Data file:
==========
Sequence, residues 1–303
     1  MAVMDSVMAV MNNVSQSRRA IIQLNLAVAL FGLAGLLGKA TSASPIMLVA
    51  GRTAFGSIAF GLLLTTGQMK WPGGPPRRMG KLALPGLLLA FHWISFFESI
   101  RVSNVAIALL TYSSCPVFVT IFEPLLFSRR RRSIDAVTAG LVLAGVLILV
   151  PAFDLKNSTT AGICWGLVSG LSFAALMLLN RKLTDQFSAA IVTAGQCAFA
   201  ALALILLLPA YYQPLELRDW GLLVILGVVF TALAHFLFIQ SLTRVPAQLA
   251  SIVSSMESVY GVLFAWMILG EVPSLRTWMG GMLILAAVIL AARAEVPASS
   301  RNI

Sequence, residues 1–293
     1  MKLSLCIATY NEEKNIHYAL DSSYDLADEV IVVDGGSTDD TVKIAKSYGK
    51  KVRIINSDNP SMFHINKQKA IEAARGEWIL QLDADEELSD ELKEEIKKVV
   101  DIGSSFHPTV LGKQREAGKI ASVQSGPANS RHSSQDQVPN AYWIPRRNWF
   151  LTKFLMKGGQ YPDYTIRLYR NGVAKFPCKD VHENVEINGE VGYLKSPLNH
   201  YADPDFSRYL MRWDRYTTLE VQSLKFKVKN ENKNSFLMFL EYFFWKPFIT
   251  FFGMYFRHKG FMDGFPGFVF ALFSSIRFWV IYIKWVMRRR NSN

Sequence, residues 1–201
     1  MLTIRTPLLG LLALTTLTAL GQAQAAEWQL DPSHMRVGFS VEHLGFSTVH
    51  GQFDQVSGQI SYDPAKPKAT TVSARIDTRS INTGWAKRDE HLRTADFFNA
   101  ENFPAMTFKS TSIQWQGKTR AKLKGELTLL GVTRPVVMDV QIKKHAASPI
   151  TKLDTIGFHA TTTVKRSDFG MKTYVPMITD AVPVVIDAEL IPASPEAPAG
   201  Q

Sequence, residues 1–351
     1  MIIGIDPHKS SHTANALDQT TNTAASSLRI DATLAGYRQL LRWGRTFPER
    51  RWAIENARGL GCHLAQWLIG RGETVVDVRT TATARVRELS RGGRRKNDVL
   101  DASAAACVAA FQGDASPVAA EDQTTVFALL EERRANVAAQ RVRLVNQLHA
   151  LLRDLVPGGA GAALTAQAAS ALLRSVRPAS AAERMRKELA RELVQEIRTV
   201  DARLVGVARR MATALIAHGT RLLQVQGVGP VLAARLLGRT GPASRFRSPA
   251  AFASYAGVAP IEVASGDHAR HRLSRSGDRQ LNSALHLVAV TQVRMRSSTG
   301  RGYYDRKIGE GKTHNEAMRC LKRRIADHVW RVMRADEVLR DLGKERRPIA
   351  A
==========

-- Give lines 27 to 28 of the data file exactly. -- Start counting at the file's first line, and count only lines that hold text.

   201  DARLVGVARR MATALIAHGT RLLQVQGVGP VLAARLLGRT GPASRFRSPA
   251  AFASYAGVAP IEVASGDHAR HRLSRSGDRQ LNSALHLVAV TQVRMRSSTG